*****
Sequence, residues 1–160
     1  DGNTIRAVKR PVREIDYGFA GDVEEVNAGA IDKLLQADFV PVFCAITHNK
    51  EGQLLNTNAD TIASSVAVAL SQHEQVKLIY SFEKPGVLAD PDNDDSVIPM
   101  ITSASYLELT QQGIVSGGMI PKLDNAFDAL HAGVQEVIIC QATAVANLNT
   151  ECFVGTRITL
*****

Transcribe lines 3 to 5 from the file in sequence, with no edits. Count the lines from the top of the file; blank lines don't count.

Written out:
    51  EGQLLNTNAD TIASSVAVAL SQHEQVKLIY SFEKPGVLAD PDNDDSVIPM
   101  ITSASYLELT QQGIVSGGMI PKLDNAFDAL HAGVQEVIIC QATAVANLNT
   151  ECFVGTRITL